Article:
Blog-o! Notes from latte.ca

Sun, 29 Jan 2012

The other day I was reading a tweet from Neil deGrasse Tyson, and it got me thinking… If you were going to cut a circle into three equal pieces using only two cuts, what would the angle to cut them be? (Θ in the diagram over on the right side there.) So I asked on Twitter, and eventually got a reply. This is my attempt to reconstruct the reasoning behind the answer.

The easiest way to figure this out, I believe, is to cut the circle in half, and then figure out what line divides the semicircle into a 2/3rds to 1/3rd ratio. So let’s do that, and label the points A, B, C, and O (for the origin), as shown on the left. We’ll also label the angle AOB as ɣ, because we'll be using it a little more later.

We know from this page that the area of a segment is r² × (ɣ - sin ɣ) / 2, and we want the segment formed by the line AB to contain 1/3rd of the total circle (or 1/3 × π × r²). Putting those together gives us the equation:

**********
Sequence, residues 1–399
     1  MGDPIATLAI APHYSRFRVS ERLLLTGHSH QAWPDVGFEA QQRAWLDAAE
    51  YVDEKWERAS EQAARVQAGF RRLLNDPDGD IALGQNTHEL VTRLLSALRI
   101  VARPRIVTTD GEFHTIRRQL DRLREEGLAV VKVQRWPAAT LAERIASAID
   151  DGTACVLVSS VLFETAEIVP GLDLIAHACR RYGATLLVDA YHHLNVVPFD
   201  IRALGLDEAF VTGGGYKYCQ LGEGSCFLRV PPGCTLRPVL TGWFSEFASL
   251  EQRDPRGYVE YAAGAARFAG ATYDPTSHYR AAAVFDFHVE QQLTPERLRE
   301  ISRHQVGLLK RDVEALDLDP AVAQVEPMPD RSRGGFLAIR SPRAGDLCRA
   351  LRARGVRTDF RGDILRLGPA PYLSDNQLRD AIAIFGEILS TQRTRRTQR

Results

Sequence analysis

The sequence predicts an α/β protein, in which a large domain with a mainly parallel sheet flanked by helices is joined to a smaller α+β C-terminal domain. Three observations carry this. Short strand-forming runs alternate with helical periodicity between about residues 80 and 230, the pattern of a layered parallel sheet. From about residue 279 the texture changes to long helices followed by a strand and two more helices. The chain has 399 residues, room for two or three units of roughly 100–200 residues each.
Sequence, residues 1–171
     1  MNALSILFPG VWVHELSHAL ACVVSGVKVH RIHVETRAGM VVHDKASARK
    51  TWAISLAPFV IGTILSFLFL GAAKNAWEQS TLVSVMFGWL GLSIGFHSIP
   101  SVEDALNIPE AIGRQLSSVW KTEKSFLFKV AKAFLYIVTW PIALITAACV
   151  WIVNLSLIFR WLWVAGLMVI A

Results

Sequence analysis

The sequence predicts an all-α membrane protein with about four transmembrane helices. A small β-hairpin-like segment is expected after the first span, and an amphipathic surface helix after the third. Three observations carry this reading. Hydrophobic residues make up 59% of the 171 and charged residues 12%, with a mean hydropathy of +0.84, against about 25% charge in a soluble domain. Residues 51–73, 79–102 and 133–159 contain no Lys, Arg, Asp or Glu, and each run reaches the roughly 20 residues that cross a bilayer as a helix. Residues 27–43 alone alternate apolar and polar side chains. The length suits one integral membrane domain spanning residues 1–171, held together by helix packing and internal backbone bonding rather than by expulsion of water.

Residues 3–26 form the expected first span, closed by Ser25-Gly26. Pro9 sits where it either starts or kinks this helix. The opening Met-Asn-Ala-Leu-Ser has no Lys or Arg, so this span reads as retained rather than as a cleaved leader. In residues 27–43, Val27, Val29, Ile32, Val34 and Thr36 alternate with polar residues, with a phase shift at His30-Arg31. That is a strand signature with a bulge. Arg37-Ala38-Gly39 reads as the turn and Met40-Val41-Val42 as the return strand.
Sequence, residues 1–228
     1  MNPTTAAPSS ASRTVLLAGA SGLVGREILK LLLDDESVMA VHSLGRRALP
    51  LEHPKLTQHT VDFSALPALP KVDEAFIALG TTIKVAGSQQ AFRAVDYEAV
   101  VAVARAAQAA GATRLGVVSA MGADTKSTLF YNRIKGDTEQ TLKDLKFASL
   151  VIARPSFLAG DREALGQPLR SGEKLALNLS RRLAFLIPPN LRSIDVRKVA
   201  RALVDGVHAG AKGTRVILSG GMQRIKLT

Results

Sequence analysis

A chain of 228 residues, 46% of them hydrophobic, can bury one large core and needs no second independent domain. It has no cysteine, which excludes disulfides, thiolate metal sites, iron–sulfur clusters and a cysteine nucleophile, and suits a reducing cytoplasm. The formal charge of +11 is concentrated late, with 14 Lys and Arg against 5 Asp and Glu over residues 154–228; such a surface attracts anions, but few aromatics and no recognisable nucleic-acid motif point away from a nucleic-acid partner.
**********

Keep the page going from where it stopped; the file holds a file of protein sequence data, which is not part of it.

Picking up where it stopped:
r² × (ɣ - sin ɣ) / 2 = π × r² / 3
multiplying both sides by 2, and diving both sides by r², we get
(ɣ - sin ɣ) = 2 × π / 3
Now all we have to do is simply solve for ɣ to get:
ɣ = 2.60533

That means that the angle BOC is π - ɣ, or 0.53626 radians (or 30.7º). Now, the inscribed angle is half the central angle, so in theory, to get the angle BAD, I should divide that by two, but then I’ll just need to multiply it by two again to account for the other half of the circle, so let’s skip all that, and just call it 30.7º.

[Posted at 22:29 by Blake Winton] link
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